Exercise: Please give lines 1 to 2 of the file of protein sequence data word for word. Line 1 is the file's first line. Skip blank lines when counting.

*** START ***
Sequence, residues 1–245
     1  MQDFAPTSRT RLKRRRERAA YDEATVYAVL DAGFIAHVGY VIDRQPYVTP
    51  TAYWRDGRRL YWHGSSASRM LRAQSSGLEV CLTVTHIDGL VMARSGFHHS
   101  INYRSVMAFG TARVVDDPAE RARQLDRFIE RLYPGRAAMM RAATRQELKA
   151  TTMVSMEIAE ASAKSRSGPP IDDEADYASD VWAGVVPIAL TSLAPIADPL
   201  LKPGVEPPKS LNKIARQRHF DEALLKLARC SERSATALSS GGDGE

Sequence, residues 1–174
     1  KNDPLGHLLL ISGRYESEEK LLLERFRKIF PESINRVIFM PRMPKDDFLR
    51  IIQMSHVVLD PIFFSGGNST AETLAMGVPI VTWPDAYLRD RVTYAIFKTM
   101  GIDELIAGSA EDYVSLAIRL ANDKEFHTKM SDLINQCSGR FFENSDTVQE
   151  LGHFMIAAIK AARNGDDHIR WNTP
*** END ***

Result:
Sequence, residues 1–245
     1  MQDFAPTSRT RLKRRRERAA YDEATVYAVL DAGFIAHVGY VIDRQPYVTP